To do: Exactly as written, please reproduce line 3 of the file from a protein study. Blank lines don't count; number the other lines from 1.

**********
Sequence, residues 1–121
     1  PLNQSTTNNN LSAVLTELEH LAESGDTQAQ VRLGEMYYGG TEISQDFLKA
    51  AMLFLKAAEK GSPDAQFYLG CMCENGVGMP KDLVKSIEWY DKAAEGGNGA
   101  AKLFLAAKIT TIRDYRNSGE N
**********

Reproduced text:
    51  AMLFLKAAEK GSPDAQFYLG CMCENGVGMP KDLVKSIEWY DKAAEGGNGA